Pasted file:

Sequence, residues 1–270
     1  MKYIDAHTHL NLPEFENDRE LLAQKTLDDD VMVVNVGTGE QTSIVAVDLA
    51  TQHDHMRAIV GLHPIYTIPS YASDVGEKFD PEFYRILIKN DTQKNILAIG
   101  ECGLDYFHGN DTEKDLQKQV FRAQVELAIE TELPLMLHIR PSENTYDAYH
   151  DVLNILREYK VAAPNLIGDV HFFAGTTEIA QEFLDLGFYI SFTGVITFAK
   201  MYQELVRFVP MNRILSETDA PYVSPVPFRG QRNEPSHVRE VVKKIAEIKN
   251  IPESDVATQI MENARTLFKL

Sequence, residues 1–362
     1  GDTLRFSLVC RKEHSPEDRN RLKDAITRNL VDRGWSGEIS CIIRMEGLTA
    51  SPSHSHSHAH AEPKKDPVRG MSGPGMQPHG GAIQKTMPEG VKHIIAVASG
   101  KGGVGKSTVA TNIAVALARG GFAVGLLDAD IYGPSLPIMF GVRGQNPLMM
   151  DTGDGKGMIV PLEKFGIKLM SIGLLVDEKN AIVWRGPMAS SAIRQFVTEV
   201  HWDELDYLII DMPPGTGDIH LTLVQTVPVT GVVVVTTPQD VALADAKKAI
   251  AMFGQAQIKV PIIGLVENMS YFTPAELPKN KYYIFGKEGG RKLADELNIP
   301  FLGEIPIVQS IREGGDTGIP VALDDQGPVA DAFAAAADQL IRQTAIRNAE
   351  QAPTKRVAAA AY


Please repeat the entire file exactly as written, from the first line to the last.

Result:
Sequence, residues 1–270
     1  MKYIDAHTHL NLPEFENDRE LLAQKTLDDD VMVVNVGTGE QTSIVAVDLA
    51  TQHDHMRAIV GLHPIYTIPS YASDVGEKFD PEFYRILIKN DTQKNILAIG
   101  ECGLDYFHGN DTEKDLQKQV FRAQVELAIE TELPLMLHIR PSENTYDAYH
   151  DVLNILREYK VAAPNLIGDV HFFAGTTEIA QEFLDLGFYI SFTGVITFAK
   201  MYQELVRFVP MNRILSETDA PYVSPVPFRG QRNEPSHVRE VVKKIAEIKN
   251  IPESDVATQI MENARTLFKL

Sequence, residues 1–362
     1  GDTLRFSLVC RKEHSPEDRN RLKDAITRNL VDRGWSGEIS CIIRMEGLTA
    51  SPSHSHSHAH AEPKKDPVRG MSGPGMQPHG GAIQKTMPEG VKHIIAVASG
   101  KGGVGKSTVA TNIAVALARG GFAVGLLDAD IYGPSLPIMF GVRGQNPLMM
   151  DTGDGKGMIV PLEKFGIKLM SIGLLVDEKN AIVWRGPMAS SAIRQFVTEV
   201  HWDELDYLII DMPPGTGDIH LTLVQTVPVT GVVVVTTPQD VALADAKKAI
   251  AMFGQAQIKV PIIGLVENMS YFTPAELPKN KYYIFGKEGG RKLADELNIP
   301  FLGEIPIVQS IREGGDTGIP VALDDQGPVA DAFAAAADQL IRQTAIRNAE
   351  QAPTKRVAAA AY